Well, after that I got back on my feet, went to Mexico for an open water swim, and got E. coli. That took another two weeks to recover from. Then that Fall I went to give blood, left the facility, and passed out, nailing my head on a table on the way down. I sustained a concussion and whiplash. I woke up after eight minutes with blood underneath me and paramedics above me. I had vertigo for two weeks. I just lay in bed crying. I was on the ground and getting slammed. I’m using it as a lesson. I was like, “Caroline, you had amazing life with no injuries during swim, you were great, had a tough time in college but your body was OK, but now it’s time to stop. Now your body is saying no more.” I was dealing with symptoms from the concussion through this past February. There were days where I was just so exhausted, like my adrenal system was failing.
My point of all this is that whole story of just under two years was my lesson in the fact I had been addicted to chaos and running from it, and spending my life in validation mode. Everything I was doing was to make sure I was loved and needed, and important and significant. I didn’t know how to do that myself. That whole period was an eye opening experience for me. It’s been hard, but what I’m working on now is facing these things. I haven’t talked about it a lot because it seems like a pity party. I want it to be a lesson to others in what happens when we store shit in our bodies. It’s an interesting thing, because I don’t know how to discuss it without it sounding like I’m making excuses.
What do you think were some root causes of your depression that affected your body in these ways?
I had some really unhealthy relationships. My coach was rough – like Bobby Knight. In therapy I recognized I was blaming him, and some other emotionally abusive relationships, for everything. I had been running from traumatic experiences emotionally that I had been attaching to the best moments of my life. There’s this dichotomy where the best and worst moments were attached, I had experienced all the pain and pleasure all at once. Like being at the Olympics – it was such a blessing, but I was wondering why I was so pissed. A lot of athletes there feel like that. We feel guilty like we don’t deserve to be sad. I would wake up in the middle of the night and have panic attacks. I hated swimming and everyone associated with it. And at the time, my brother was still in it and slated to make the Olympics. He made it, and I end up going and watching. It was the hardest experience emotionally I’ve ever had. Not for the reasons of coming back to the swimming world, but I was broken. However, I was so proud of him – and my pride actually kick started my acceptance of my own success.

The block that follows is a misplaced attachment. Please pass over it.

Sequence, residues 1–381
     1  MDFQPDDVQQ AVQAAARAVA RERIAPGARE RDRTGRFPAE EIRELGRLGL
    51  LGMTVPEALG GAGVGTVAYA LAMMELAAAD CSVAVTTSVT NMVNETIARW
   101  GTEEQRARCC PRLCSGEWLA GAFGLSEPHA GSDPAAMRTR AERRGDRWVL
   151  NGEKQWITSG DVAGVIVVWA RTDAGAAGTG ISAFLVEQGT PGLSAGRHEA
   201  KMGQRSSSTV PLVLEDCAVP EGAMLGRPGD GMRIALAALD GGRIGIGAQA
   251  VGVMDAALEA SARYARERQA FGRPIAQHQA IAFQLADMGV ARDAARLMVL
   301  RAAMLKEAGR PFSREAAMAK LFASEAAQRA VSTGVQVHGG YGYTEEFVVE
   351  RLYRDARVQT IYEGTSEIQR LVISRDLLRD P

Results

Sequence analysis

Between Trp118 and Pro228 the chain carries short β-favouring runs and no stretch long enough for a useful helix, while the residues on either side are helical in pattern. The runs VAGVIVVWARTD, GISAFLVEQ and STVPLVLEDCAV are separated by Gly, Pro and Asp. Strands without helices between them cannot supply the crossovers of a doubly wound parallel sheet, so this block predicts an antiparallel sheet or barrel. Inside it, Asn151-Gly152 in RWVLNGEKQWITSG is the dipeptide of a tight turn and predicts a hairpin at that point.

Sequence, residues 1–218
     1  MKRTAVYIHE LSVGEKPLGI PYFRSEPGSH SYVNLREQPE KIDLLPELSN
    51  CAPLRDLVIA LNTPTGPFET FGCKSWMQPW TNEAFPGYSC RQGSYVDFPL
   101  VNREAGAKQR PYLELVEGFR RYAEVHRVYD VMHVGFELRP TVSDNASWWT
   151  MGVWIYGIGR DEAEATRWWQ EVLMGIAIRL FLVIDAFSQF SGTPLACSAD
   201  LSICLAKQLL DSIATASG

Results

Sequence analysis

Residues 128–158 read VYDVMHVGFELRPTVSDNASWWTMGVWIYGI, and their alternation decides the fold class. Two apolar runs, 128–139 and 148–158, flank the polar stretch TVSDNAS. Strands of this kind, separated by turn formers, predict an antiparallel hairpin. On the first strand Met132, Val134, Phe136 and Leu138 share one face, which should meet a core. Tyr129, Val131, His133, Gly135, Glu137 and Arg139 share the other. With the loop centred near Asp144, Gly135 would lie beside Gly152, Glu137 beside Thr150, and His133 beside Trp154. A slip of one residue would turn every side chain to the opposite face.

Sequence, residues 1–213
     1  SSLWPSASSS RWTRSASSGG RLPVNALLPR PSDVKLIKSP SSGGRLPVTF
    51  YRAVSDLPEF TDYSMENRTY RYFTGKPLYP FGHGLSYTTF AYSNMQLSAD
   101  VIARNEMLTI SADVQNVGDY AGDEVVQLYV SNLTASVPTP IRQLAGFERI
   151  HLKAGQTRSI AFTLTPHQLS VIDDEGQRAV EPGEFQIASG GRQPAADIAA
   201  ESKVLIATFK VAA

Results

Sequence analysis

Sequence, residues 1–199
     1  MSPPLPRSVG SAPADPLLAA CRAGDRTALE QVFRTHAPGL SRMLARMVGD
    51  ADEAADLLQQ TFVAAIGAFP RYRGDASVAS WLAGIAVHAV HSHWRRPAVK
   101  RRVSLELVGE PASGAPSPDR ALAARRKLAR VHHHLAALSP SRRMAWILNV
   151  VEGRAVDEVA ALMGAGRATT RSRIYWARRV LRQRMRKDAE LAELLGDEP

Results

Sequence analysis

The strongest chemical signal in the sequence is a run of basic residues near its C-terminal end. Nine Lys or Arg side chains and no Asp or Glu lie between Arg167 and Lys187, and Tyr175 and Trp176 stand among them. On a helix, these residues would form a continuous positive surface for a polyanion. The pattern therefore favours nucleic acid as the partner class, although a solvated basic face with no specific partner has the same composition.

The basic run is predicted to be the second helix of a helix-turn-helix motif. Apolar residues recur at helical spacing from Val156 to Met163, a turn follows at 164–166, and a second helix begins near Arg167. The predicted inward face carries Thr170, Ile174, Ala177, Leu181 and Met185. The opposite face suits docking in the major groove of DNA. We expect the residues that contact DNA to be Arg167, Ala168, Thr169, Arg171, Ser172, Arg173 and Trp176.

You mentioned many athletes feel some negative emotions at the Olympics. Why do you think that is?
Even at the time we don’t know. We’ve been taught to sack up and deal with it. Of course you want to focus on the good. You’re feeling it, but no one says it. It becomes an entire guilt thing after. You don’t want to be in the middle of Olympic village and say you are depressed, because you know if you say it you’ll manifest it. So instead you push it down and make it so everyone thinks you are fine. But it does more damage in the long run. The emotional abuse is coming to light now and everyone’s trying to do something about it; but you can’t tell someone what it’s going to feel like after. You can only try to equip them with tools to deal with it. That’s why we started RISE, to try to give athletes the tools so they can cultivate what they want and need during the transition.
What was your inspiration for RISE?
Throughout therapy I realized I wanted to help people on a deeper level, so I went back to school for psychology in Tennessee. I moved back to California after Tennessee, starting RISE at the same time in 2015 with Rebecca Soni. Parents were already asking us to mentor their young athletes. We both have psychology degrees, and we realized this importance. Our organization also is all former Olympic athletes who are doing the mentoring, which gives these athletes a job to transition to using the skills they already have. It helps us feel fulfillment as retired athletes as well.
Do you swim anymore?
I didn’t swim at all for five years. I just recently started back like two years ago and I love it now. I love it because I don’t care and it’s so therapeutic. It’s nice to be in the water. If I’m doing a lot of other things with my body it’s a nice change of pace. I love ocean swimming now, but I don’t do it for more than 20 minutes at a time. I actually don’t think I’ve done any exercise for more than that in 10 years. I focus more on strength training now.
Would you have done anything differently?
In a perfect world, a lot. But then again, I wouldn’t be where I am today. I just wish I could have learned what I needed to without the sadness. There were so many beautiful lessons.
Do you feel like you’ve fully healed?
It’s taken a long time to heal, and there are parts of me still coming out of it. I think that’s the beauty though: it’s a continuum. You’re never just done. Your whole life is a transition. Whether we are from one job to the next, there is always something. If we accept we are always in transition, it’s good. I am light-years from where I used to be. It’s almost a detachment from the person I once was. I love her and want to include her in my life now, but I no longer want to be an athlete like that any more. I want to have a different definition of myself. Therapy was really helpful. I moved a bunch, but those journeys are what I needed. I learned from running. Because I ran and tried to fill my cup with accolades and degrees, it was my way of coping with not having the same success as I did in swimming. Once I learned I didn’t have to have that anymore, it was like night and day.
Follow Caroline Burckle on Facebook and Instagram @caroburckle.